Those of you who are familiar with the Uglysuit probably know them from “Chicago,” the first single from their self-titled debut album, a song that music blogs and record store mailing lists have done a good job of plugging. “Chicago” is a somewhat charming, if overly inoffensive, four-minute pop song composed around a memorable lead guitar and organ riff. Lead vocalist Israel Hindman – singing mostly about daydreaming about Chicago, I think – has an adaptable voice that sounds weary when he’s singing about horrid winter weather in the upper Midwest but displays a lot of range during the song’s final chorus.
As a first single, however, “Chicago” does not set a pattern for the rest of The Uglysuit. The band runs six deep – in addition to Hindman there’s also Kyle Mayfield, Jonathan Martin, Matt Harrison, and Crosby and Colin Bray – and they have a fondness for long, dramatic songs. I wouldn’t say that they’re jamming, since the instrumental portions seem a little too tightly structured for that, although the new age titles of the songs, like“…And We Became Sunshine” and “Happy Yellow Rainbow,” might lead you to the opposite conclusion. The primary instrument on The Uglysuit, just like on the first single, is the lead guitar (indeed, each member is credited as a guitar player on the record) and most songs come from alternating guitar leads, with breaks for piano and organ.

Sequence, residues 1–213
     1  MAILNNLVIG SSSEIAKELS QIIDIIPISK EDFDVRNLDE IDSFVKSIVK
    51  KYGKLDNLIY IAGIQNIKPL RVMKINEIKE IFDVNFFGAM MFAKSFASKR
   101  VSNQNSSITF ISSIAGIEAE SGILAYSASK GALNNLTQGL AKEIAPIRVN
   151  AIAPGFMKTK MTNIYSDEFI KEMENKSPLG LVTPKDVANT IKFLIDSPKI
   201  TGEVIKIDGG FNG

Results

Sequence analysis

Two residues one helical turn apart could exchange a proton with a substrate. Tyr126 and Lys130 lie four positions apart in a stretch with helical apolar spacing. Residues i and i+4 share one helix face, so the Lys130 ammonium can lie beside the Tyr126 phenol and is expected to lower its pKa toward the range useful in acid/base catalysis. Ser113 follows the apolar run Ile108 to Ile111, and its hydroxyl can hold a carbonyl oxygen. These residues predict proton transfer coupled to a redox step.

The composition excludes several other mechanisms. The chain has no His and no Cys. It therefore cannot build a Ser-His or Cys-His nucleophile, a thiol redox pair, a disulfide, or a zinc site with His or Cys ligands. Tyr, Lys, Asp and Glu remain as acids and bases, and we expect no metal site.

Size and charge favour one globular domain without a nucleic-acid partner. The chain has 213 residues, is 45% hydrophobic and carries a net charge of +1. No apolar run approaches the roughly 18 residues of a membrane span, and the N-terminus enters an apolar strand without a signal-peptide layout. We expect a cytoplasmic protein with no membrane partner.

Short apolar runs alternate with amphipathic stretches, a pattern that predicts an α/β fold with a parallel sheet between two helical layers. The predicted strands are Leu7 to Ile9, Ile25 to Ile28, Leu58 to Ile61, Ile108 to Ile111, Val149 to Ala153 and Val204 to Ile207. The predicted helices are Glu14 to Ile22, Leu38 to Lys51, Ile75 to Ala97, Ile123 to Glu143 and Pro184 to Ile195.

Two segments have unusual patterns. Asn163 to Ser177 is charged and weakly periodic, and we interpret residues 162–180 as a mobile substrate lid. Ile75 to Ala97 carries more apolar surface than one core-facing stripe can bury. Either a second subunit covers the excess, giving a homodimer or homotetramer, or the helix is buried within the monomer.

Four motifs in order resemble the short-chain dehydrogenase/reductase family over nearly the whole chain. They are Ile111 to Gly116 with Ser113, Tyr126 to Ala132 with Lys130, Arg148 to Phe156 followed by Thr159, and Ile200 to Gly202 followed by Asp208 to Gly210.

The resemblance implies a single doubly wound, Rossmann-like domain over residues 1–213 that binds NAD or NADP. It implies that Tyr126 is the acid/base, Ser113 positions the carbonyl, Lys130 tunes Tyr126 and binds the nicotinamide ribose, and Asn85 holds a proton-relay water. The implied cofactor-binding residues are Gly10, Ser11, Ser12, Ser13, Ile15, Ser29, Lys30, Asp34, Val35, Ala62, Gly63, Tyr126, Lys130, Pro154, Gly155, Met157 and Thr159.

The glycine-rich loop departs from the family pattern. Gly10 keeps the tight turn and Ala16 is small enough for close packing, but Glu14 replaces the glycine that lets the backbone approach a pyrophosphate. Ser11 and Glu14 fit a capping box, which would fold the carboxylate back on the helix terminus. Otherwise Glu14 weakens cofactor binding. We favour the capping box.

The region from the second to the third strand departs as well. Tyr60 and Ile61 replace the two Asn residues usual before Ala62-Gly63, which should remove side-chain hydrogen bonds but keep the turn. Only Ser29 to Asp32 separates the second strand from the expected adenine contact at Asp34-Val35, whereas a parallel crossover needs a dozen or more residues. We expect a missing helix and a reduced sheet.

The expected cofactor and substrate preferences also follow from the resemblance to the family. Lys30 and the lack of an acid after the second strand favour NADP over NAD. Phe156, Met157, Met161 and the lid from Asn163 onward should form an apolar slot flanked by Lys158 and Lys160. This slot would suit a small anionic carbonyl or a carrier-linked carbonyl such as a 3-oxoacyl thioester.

The net result of The Uglysuit’s formula sounds something like an imagined pairing of Bedhead and Phish. It’s all right as far as it goes: Listen to one of the longer songs, such as “Everyone Now Has a Smile” and “…And We Became Sunshine,” both of which run over seven minutes long, and there are bound to be at least a few striking passages. But the record can also seem formless. There’s some tension between the three shorter pop songs that begin The Uglysuit and the longer songs that make up the bulk of the record. Perhaps this is because it’s a debut album, probably containing material written over a long period of time, or perhaps it’s just a result of the band’s freewheeling creative process. They might get together and write a four-minute radio-ready pop song, or a seven-minute epic, or something unclassifiable, like the carnivalesque “Anthem of the Arctic Birds.”
I suspect that it’s all by design, and that an album full of songs like “Chicago” is not automatically forthcoming. It’ll be interesting to see how that sits with the bloggers.